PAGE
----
Why might investors find Paragon interesting? For a start, it has a more conservative balance sheet than many of its competitors, better margins, and a lower valuation. The company could also end up riding a rising tide with the rest of the industry as a recovering economy pushes up demand for shipping services.

Drinking up
The company name Boston Beer may not ring bells for everyone, but the company's flagship product, Samuel Adams Boston Lager, probably does.

So how does a small company like Boston Beer expect to take on industry giants like Molson Coors and Anheuser-Busch InBev? In a word: quality. The company hopes to continue winning over drinkers looking for a higher-quality, more full-flavored beer. Samuel Adams is currently the top domestic brand in the "Better Beer" category of the U.S. brewing industry, which includes craft (small, independent, and traditional) brewers as well as specialty beers and most imports.

There's also a lot to like about Boston Beer from a financial perspective. The company has a debt-free balance sheet, laudable returns on equity, and an average annual earnings-per-share growth rate of 15% over the past 10 years. However, I find it a bit disappointing that with such strong cash flow the company has never paid a dividend. And with a trailing price-to-earnings ratio of 26 or so, it'd be very difficult to say the stock is much of a value right now.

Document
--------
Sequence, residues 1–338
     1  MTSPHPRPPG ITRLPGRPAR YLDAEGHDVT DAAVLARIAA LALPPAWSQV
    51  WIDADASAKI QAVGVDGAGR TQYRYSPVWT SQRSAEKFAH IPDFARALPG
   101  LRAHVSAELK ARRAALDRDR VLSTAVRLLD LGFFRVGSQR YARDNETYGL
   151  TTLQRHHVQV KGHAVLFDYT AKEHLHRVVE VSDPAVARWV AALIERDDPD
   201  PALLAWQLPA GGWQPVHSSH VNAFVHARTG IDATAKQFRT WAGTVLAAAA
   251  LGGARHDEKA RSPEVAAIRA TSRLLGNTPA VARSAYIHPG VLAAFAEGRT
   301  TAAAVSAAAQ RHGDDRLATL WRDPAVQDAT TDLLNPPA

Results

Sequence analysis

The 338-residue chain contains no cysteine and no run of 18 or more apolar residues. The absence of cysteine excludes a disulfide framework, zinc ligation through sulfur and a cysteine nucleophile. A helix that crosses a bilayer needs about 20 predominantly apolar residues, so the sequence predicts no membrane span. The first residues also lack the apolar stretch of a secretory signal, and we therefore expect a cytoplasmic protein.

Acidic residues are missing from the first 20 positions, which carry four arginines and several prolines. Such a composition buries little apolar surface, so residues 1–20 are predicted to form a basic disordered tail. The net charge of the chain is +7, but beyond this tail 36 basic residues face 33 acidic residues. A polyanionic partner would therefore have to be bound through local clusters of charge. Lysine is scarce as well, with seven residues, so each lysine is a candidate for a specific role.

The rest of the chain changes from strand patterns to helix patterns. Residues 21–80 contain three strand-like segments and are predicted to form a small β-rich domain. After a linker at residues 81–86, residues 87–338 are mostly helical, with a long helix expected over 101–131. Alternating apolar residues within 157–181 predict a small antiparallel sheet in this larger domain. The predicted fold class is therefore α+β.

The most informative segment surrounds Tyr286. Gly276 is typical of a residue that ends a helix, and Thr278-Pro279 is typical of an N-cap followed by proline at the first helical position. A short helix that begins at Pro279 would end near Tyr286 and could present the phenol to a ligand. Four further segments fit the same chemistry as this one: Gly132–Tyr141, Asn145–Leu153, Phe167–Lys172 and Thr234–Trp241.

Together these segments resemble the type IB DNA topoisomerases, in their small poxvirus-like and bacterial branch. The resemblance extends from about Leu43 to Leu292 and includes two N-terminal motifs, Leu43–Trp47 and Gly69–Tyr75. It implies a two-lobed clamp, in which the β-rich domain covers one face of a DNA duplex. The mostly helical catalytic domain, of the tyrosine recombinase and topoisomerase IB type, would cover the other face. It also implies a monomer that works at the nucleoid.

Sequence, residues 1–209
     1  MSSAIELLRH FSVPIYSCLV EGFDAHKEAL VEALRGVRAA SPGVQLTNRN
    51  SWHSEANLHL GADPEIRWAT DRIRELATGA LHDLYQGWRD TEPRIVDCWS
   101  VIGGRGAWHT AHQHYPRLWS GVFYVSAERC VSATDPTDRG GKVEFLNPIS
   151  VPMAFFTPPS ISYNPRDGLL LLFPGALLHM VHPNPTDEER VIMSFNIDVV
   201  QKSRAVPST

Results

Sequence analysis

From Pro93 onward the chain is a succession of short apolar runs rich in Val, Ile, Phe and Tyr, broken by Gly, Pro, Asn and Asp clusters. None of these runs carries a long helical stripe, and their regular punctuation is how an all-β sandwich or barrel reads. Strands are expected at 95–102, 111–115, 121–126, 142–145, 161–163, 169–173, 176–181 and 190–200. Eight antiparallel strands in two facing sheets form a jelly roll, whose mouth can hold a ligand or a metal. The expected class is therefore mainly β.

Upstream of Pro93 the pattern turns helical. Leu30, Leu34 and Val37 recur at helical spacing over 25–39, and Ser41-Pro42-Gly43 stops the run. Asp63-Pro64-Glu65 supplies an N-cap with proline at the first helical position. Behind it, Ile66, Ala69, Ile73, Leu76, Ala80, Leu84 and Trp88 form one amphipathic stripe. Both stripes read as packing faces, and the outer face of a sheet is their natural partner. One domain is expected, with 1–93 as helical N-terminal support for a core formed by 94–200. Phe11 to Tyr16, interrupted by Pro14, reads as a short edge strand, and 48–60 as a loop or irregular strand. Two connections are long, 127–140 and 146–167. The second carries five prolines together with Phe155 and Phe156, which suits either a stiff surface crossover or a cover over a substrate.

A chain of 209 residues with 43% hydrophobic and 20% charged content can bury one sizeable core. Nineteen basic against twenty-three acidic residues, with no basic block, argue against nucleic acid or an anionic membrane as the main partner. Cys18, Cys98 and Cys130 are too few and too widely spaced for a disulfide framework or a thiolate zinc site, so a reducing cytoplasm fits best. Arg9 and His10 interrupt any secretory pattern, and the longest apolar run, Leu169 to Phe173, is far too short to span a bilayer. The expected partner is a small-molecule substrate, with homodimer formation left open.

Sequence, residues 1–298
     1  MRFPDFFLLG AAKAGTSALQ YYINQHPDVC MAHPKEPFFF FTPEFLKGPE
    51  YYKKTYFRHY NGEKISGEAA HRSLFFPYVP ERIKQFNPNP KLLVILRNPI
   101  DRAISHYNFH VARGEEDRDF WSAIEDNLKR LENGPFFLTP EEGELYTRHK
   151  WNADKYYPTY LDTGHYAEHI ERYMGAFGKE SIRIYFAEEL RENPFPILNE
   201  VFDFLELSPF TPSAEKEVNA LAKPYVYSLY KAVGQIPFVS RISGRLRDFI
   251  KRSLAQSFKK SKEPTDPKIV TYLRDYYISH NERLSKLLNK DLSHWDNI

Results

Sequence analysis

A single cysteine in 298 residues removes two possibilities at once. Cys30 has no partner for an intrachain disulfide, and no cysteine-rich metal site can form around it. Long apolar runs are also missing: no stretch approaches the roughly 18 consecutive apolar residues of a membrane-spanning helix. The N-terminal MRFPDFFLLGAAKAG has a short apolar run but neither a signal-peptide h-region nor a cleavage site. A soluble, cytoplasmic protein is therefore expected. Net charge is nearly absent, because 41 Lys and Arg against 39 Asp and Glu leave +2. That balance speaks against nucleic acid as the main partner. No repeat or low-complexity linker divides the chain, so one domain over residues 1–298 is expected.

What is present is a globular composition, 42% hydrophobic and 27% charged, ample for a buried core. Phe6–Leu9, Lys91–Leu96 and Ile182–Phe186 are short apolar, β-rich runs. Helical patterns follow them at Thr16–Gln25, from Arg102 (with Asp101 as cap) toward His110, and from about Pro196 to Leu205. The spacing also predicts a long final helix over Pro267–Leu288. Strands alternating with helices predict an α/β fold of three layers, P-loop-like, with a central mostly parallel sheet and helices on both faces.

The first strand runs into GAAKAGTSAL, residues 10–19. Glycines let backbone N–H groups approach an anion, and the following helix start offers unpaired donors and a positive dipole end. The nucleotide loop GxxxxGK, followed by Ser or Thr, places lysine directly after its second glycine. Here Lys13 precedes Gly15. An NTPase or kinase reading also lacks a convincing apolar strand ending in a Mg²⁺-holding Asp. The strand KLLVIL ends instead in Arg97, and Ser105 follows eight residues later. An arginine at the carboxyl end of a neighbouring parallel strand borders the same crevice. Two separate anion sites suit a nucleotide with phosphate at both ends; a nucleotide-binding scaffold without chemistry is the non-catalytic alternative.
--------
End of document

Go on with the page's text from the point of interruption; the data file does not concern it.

Farming out
The story lately for fertilizer giants PotashCorp (NYSE: POT) and Mosaic (NYSE: MOS) has primarily been about expectations that agricultural demand in China will stoke demand for their potash and phosphate fertilizers. And for good reason. As China's population gets wealthier, they will have more money to spend on grains and grain-fed animals for food. Farmers will try to optimize their yield with fertilizers.

What if we could find a company on the ground in China producing an organic fertilizer? China Green Agriculture is exactly that. The company's primary product is a humic acid-based fertilizer that the company claims can reduce the need for insecticide, fertilizer, and even water, by 50% or more.